Writers of live-action features get royalties when their work is repackaged and sold. But writers of animation don't. Their "ancillary profit participation," as it's known, is paid in multiples of zero.
It's an industry standard evolved over a decades-long debate between the writers and their employers, and in a practical sense, it means that the writers of "Goldmember" get paid a small percentage of every sale of a video or DVD, which can add up to tens or even hundreds of thousands of dollars, while the writers of "Shrek 2" receive nothing.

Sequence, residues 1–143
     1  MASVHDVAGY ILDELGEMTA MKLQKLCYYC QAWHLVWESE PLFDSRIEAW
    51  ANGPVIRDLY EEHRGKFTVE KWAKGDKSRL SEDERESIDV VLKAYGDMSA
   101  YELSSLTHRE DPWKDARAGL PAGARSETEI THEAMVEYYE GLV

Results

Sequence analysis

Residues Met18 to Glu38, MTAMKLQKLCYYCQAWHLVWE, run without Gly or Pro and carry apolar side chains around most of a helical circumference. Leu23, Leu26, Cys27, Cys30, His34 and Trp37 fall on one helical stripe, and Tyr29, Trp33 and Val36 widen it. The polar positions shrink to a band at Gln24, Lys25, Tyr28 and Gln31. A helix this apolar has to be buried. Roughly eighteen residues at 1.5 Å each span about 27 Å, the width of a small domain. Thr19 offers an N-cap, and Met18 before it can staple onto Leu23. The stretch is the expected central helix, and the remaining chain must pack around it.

This disparity has its roots in the early days of animation, when storyboard artists and animators were the primary creative forces behind projects and screenwriters, if they were used at all, came in to add polish at the end.
Friday, August 18, 2006
In The LA Times, Jay A. Fernandez looks at why Hollywood animation writers are trying to get the same deals as their live-action counterparts.